The mini-SUV sets the pace — watch for edgy polygons.
Audi's Q2 previews a new, sharp-edged style for future SUVs from the German brand.
"What you see here is the new Q face," says Matthias Fink, the 33-year-old who designed the exterior of the Q2, the sub-$40,000 mini-SUV that will reach Australian showrooms early in 2017.
Over the past decade the so-called single-frame grille has become Audi's visual trademark. "But now is the time for us to differentiate between A, Q and R," says Fink, referring to the cars, SUVs and sportsters in Audi's line-up.
"All the Qs that are coming will have a similar kind of single frame, with this octagon," he says, indicating the chamfered bottom corners of the Q2 grille — never mind that it looks more six-sided.
"What's special on this car, and what's special also for our new Q models, is that we don't want to make the bonnet so long. So we created a short and wide bonnet. It's more rugged, more robust.
Next in line for the polygon treatment is the all-new Q5 medium-size SUV.
"What is really SUV-ish for Audi, and this shows what the coming SUVs will have, is the size and the proportion of the roof-pillar.
"The other highlight is our edgy, geometric design language, and you find it everywhere on the car. We call it the polygon. The polygon is the main theme ... the signature."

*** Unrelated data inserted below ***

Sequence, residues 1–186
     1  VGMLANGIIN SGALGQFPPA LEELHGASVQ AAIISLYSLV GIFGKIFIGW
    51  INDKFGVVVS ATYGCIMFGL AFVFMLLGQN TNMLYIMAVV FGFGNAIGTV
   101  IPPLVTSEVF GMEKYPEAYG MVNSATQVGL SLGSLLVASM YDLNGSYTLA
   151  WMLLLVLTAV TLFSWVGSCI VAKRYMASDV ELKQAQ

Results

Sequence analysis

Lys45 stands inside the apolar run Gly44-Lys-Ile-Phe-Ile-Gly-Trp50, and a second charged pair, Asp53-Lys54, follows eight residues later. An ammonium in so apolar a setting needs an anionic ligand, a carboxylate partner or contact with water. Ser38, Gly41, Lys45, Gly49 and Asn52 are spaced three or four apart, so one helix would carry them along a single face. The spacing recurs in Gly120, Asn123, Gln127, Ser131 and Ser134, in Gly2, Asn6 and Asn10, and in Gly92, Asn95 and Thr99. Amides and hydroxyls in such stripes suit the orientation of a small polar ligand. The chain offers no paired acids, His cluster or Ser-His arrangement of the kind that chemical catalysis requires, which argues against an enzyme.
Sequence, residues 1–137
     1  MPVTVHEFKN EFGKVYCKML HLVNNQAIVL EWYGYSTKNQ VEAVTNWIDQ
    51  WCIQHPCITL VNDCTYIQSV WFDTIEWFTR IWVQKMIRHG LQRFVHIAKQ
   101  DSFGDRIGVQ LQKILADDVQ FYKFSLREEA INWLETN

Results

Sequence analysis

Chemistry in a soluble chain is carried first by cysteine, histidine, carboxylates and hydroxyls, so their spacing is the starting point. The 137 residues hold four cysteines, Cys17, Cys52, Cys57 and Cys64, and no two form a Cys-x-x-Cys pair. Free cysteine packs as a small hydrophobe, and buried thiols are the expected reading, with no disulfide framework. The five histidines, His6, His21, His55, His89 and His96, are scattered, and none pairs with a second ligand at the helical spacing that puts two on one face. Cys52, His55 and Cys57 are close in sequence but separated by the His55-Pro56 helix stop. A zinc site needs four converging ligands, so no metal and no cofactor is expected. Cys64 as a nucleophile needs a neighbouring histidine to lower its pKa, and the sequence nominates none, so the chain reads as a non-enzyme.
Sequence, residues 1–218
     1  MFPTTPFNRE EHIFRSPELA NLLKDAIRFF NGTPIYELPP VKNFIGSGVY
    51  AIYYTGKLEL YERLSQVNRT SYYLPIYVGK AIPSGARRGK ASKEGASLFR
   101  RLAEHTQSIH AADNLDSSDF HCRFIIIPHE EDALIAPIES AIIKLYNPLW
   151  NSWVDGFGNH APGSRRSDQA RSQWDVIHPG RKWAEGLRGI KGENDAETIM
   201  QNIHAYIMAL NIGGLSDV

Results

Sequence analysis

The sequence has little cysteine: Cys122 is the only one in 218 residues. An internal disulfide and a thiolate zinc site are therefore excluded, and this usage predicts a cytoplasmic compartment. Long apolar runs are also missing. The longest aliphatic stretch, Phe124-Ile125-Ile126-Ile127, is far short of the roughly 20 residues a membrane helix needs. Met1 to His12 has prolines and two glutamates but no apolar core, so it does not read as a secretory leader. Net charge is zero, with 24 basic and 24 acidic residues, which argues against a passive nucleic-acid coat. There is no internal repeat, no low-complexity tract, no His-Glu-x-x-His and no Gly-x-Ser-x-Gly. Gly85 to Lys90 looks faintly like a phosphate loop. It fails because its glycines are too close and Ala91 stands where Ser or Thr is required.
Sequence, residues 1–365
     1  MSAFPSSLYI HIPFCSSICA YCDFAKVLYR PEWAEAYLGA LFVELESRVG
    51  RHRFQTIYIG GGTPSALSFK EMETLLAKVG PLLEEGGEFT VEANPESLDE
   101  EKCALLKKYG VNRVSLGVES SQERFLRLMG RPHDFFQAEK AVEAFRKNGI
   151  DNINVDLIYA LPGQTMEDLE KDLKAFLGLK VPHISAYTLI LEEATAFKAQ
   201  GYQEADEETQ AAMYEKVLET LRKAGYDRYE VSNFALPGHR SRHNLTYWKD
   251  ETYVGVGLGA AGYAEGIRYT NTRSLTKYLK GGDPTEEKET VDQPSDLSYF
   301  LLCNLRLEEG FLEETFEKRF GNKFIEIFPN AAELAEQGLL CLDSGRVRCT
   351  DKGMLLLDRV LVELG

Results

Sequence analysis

Next in line for the polygon treatment is the all-new Q5 medium-size SUV. The current model has been a hit with Australians. In 2015 it was the brand's second most popular model here, outsold only by the A3 hatchback.
To be revealed in the latter half of the year, possibly at the Paris motor show in September, the Q5 will launch in Australia after the Q2.
The styling also will feature on a battery-powered SUV — with a promised 500km driving range between recharge — scheduled for production in 2018. It will be called Q6, adding a new badge to the line-up.
As the name indicates, the Q6 will slot between the recently renewed Q7 and the coming Q5. It will share its basic chassis with them but will be modified for electrified drivetrains, according to Audi technical development chief Stefan Knirsch.
"It's prepared also for plug-in hybrid but we believe that this car should only be a battery-electric vehicle, or a fuel-cell vehicle," he says.
Audi Australia will consider launching the Q6 here, even in the absence of incentives used in the US and Europe to encourage motorists to adopt the technology.
What do you think of the new polygon design? Tell us in the comments below.